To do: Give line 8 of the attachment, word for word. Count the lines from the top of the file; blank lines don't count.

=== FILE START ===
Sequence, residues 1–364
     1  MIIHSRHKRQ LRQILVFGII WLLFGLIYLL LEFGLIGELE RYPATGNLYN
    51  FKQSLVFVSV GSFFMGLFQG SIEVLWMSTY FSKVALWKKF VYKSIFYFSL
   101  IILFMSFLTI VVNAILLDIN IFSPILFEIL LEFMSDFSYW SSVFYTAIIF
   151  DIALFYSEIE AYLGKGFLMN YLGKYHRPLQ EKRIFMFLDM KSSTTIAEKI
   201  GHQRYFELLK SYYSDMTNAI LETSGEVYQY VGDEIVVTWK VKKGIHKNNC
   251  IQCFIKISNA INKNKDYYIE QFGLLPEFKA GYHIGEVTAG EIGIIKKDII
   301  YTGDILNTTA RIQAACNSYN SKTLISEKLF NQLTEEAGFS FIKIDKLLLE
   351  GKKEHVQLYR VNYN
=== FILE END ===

   301  YTGDILNTTA RIQAACNSYN SKTLISEKLF NQLTEEAGFS FIKIDKLLLE